329 and 330 in a helix the nh bonds and thus the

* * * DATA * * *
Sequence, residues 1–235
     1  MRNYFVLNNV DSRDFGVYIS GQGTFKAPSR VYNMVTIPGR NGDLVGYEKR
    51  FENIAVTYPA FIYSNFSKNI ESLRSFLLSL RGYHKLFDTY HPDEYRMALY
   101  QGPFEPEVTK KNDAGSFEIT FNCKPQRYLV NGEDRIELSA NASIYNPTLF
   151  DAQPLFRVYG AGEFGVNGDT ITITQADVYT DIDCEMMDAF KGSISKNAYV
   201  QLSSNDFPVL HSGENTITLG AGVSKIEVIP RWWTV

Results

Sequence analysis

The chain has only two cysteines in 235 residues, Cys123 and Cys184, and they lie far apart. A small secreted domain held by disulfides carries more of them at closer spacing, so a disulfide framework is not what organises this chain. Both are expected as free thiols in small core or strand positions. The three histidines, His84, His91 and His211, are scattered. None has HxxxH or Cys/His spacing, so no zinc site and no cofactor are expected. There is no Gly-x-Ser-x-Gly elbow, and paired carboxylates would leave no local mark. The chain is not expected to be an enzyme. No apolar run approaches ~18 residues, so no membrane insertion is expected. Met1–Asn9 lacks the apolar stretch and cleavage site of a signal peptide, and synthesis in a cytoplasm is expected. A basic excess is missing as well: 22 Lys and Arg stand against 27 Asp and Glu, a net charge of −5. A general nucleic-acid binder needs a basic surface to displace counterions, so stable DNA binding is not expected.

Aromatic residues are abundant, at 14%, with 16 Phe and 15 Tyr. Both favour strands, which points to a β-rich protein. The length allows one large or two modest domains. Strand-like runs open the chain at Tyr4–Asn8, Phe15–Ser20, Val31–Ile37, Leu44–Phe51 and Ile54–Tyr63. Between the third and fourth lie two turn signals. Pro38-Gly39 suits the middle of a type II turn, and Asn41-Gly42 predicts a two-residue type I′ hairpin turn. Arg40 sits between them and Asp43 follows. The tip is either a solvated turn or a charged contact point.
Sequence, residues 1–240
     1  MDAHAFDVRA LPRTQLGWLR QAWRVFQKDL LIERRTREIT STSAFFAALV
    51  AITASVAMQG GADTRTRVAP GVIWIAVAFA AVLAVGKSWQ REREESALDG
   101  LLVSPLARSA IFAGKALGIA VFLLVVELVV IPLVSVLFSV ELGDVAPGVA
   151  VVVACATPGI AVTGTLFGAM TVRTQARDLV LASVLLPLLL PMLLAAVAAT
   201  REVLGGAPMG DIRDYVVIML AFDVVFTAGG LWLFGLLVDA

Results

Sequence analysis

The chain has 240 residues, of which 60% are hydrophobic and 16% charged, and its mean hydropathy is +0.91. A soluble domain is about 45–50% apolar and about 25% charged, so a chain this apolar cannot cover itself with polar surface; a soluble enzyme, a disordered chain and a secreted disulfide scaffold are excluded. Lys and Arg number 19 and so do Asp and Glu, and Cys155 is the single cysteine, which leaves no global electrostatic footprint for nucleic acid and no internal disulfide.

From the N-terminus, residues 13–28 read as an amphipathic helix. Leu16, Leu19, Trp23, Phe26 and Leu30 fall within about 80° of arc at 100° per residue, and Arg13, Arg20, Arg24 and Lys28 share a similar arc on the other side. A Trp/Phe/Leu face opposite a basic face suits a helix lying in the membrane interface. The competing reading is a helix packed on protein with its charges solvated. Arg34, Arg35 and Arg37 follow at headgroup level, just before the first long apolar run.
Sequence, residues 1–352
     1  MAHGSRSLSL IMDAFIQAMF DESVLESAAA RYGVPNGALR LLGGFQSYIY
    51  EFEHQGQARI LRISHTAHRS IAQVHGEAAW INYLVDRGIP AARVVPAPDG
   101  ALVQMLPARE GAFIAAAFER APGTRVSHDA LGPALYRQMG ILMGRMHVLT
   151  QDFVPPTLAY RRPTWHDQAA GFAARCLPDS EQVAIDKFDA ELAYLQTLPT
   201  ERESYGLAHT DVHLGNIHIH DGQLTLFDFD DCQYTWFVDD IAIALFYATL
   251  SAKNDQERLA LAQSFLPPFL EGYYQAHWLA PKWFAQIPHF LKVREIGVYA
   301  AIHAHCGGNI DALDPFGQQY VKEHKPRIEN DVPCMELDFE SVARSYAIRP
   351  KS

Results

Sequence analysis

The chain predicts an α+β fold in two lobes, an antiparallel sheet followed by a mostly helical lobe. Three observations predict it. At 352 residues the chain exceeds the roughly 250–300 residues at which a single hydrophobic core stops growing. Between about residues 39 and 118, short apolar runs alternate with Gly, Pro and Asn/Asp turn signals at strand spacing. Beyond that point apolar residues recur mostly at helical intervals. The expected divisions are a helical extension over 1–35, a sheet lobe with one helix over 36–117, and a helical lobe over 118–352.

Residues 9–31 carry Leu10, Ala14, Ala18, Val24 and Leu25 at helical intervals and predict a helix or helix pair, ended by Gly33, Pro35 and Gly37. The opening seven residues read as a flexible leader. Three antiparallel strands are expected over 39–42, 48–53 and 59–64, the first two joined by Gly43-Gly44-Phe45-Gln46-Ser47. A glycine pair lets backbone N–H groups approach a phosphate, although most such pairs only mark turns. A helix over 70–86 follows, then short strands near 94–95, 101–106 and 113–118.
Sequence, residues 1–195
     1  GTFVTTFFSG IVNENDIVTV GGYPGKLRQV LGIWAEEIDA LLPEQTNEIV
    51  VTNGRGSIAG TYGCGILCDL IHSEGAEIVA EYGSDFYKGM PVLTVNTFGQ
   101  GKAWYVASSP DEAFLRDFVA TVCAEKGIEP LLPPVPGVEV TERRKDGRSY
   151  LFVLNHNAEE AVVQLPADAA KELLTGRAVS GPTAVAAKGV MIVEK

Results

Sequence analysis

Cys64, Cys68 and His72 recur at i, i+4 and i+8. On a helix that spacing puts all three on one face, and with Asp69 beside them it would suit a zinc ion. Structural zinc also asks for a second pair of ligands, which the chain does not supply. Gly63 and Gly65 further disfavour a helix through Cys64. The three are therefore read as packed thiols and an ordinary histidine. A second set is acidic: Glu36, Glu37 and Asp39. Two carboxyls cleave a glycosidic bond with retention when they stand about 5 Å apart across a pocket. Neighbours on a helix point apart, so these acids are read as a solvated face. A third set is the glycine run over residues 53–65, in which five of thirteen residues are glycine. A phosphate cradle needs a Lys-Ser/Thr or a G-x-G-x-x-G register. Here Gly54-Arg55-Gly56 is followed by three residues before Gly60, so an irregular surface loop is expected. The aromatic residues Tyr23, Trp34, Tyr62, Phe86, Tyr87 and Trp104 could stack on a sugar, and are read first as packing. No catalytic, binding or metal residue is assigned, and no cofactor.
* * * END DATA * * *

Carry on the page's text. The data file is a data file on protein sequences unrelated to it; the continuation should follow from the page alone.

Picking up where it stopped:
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Unformatted text preview: α ­helix C=O group of residue n accepts a hydrogen bond from N ­H group of residue n+4 + N ­H group of residue n donates a hydrogen bond to the oxygen of a C=O group n ­4 2 1 6 5 Poten7ally many hydrogen bonds in a helix, depending on its length Berg, Tymoczko & Stryer Fig. 3.29 and 3.30 In a helix, the N ­H bonds and thus the pepHde groups all point one direcHon δ+ H N C + - O δ- The polarity of the H ­bonds and pepHde groups along the helix results in a net helix dipole: the N ­terminal end is slightly posiHve and the C ­terminal end slightly negaHve “ribbon” representation of helix Alpha helices in proteins are almost all right-handed The α-helix has good van der Waals interactions and avoids steric clashes “Ball-and-stick” representation shows a hole down the middle of the helix “Space filling” representation shows that there is no hole— the helix is nicely packed inside, with R groups nicely staggered and packed on the outside 9 Schrader, F., and Leuchtenberger, C., Exp. Cell Res., 1, 421-452 (1950). 10 Pollister, A. W., and Leuchtenberger, C., these PROCEEDINGS, 35, 66-71 (1949). 11 Leuchtenberger, C., Chromosoma, 3,449-473 (1950). 12 Mirsky, A. E., and Ris, H., Nature, 163, 666-667 (1949). THE STRUCTURE OF PROTEINS: TWO HYDROGEN-BONDED HELICAL CONFIGURATIONS OF THE POL YPEPTIDE CHAIN By LINUS PAULING, ROBERT B. COREY, AND H. R. BRANSON* GATES AND CRELLIN LABORATORIES OF CHEMISTRY, CALIFORNIA INSTITUTE OF TECHNOLOGY, PASADENA, CALIFORNIAt VOL. 37, 1951 CHEMISTRY: PA ULING, COREY, BRA NSON PROC. N. A. S. ept for the differences in the side chain R). An amino acid han glycine) has no symmetry elements. The general opersion of one residue of a single chain into a second residue e first is accordingly a rotation about an axis accompa...
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